DANNY LILKER (Brutal Truth) – ..practice if you think you need to
Hvis man skal nevne en bassist som har vært med i extreme metal scenen siden starten og som fortsatt holder koken, så må det bli Danny Lilker. Danny var med og startet opp Anthrax i 1981 sammen med Scott Ian og 3 år senere dannet han Nuclear Assault sammen med blant andre John Connelly. Han har vært med i flere forskjellige band siden den gang. Men det er som bassist i Brutal Truth han er mest kjent som nå i dag. Vi forsøkte å få til dette intervjuet under Hole in the Sky i 2008, men grunnet masse folk i backstageområdet og kort tid til konsertstart, fant vi ut at det var bedre å ta det via e-mail senere. Så, her er det endelig; Danny Lilkers bidrag til The Down Below Series.
When did you start playing bass? Who/what inspired you to pick up the bass?
I started playing bass when I was 14 years old, I liked the deep tone when the bass came in at the beginning of "Whole Lotta Love" by Led Zeppelin. Yes, I'm old!
What kind of role do you think the bass should have in a band; Primus, AC/DC, or a bit of both?
That really depends on the style of the band of course, I try to hold down the bottom while at the same time keep things interesting, Brutal truth is not "normal" music so I have a pretty unique perspective.
What would you say characterizes your bass playing, technically and musically?
Technically – I can play very fast, which suits our music, and our riffs can be very demanding at high speeds, so you have to be good at what you do to keep up!
Musically – I try to sometimes present a counterpoint to the guitars by playing different riffs that complement the guitar overall . I also play very aggressively, again, this fits the music.
Do you have any formal music training?
Only on piano, which I learned when I was very young. When I took up bass, I knew what all the notes were, but I never had any lessons on bass.
Any tips for developing and maintaining technique and musical creativity?
Try to learn to play some Rush songs! Geddy Lee is the master… as for musical creativity, that's a hard one, but I would say listen to a lot of different styles of music to expand your palette.
Tips on how to give a bass riff that extra cool sound or groove?
Well, I use a lot of distortion to achieve my tone, it fits our music very well, in fact, when grindcore was invented, one of the signature aspects of it was distorted bass! As far as groove, put away the click track and follow the drummer.
How do you prepare for a gig?
I honestly do not warm up backstage or anything. I realize this doesn't make a very good example, but it works for me.
How about touring, any tips on how to keep delivering through weeks on the road?
Take care of yourself on the road, get plenty of sleep; don't start drinking too early in the day and practice if you think you need to.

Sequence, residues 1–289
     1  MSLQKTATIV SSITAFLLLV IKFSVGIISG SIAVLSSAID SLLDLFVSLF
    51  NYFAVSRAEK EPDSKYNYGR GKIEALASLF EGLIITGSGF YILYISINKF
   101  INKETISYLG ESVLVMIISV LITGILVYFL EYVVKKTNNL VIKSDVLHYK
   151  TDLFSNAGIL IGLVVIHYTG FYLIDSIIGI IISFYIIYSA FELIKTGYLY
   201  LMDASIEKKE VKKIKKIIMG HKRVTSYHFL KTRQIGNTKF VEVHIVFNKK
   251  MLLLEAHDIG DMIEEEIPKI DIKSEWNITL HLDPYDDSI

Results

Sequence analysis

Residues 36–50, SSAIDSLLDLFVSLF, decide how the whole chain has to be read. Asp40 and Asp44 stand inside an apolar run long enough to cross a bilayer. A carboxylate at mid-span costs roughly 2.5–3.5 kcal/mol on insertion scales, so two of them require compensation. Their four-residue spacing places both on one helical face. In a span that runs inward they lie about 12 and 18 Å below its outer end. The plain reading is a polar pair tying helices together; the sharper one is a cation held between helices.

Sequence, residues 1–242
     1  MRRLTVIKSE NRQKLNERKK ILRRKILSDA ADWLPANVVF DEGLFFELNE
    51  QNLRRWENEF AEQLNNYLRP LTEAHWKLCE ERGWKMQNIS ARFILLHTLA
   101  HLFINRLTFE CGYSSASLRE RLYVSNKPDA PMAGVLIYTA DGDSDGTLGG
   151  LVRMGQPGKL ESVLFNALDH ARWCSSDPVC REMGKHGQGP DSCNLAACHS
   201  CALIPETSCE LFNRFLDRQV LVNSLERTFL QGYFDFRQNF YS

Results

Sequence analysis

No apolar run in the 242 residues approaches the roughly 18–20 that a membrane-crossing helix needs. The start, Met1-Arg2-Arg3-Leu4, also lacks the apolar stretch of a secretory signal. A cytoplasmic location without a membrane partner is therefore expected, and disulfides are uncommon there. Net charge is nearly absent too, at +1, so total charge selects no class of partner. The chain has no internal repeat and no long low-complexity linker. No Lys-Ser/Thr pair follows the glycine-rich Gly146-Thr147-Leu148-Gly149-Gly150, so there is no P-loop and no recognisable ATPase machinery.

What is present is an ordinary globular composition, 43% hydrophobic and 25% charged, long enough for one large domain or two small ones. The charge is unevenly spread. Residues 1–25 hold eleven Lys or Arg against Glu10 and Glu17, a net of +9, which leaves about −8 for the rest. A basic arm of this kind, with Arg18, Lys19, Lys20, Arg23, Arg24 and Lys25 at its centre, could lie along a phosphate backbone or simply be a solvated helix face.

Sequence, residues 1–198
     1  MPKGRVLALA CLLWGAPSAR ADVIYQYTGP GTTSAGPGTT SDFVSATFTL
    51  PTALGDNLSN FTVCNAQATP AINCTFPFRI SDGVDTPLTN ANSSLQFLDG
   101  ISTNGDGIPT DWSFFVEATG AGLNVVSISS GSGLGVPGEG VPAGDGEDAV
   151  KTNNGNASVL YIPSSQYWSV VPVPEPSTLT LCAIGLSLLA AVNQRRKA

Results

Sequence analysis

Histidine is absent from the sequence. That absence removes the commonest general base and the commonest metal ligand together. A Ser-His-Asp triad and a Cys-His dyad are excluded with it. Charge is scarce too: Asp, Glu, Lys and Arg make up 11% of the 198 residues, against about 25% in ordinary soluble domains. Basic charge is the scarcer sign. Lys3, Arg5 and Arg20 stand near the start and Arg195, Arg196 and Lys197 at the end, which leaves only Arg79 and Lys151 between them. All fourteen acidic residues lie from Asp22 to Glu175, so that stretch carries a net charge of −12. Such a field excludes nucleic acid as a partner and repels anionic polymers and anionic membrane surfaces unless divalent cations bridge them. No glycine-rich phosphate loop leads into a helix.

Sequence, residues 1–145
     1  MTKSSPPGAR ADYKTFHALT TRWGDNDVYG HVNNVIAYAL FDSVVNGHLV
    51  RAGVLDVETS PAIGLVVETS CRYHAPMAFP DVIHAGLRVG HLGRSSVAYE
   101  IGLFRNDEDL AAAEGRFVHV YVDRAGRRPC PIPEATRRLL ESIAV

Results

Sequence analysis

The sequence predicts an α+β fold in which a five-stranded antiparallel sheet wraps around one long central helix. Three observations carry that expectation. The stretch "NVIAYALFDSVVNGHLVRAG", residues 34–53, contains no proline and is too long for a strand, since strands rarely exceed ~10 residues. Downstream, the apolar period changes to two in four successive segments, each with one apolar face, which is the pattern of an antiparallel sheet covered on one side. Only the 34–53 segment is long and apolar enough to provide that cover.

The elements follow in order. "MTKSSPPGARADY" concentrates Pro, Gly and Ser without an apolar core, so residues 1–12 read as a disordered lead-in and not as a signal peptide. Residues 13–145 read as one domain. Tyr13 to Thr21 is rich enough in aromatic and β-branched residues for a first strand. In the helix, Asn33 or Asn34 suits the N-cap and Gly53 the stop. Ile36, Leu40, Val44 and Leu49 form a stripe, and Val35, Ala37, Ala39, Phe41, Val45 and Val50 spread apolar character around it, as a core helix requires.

Is the right musical gear important for you? What kind of gear do you use?
My distorted tone comes from my SansAmp GT-2 guitar pedal, it's my secret weapon. This pedal is very important to my sound, I can play any decent bass rig on tour as long as I'm using that pedal. At home I have a Gallien-Kruger 800 RB head and an Ampeg SVT cab. Right now I'm playing my B.C. Rich Warlock bass from the 90s.
How would your dream rig look like?
I'm not concerned with having a huge bass rig, it's too much to drag around. I know it's boring, but I'd be happy with a nice new SVT head and cabinet, I already have my "dream" pedal. I hope to be endorsed by Warwick basses soon!
How many strings on the bass, and why?
Just 4 please, I'm an old school dude and I'm just used to 4 strings. If you can't play everything you need to play with 4 strings…play guitar!
Pick or fingers? Why?
Pick. For the speed of our music, I need a pick to keep up. It works well with the distortion, it's almost like I'm playing a guitar tuned down a whole octave.
Any tips for aspiring bass players?
Listen to classic rock like Rush, Cream and Yes for inspiration, these guys are some of the best.
Mention three bass players within metal that has a style you like, and what you like about them.
Cliff Burton! He had a very unique style with his wah-wah and distortion pedals. Kev Riddles from early Angelwitch, he did some really interesting counterpoints to the guitar playing of Kevin Heybourne. And of course, Steve Harris from Iron Maiden, whose aggressive and upfront style was very inspiring for me.
If you were to choose three bass players (not necessarily within metal) who's inspired you, who would that be? Tell a little on how they've inspired you.
Geddy Lee of Rush, simply the master. You just have to listen to Rush to see how he inspired me, it's hard to put into words, but I can say that NO ONE plays like Geddy Lee. Lemmy, from Motorhead was an inspiration for his aggressive tone and technique. And Chris Squire from Yes, who played in a very technical style and blended very well with the guitar playing of Steve Howe. Ha, they all play Rickenbackers and I don't!
Which bass player would you like to see in this series?
Shane Embury from Napalm Death, I think his playing is much underrated!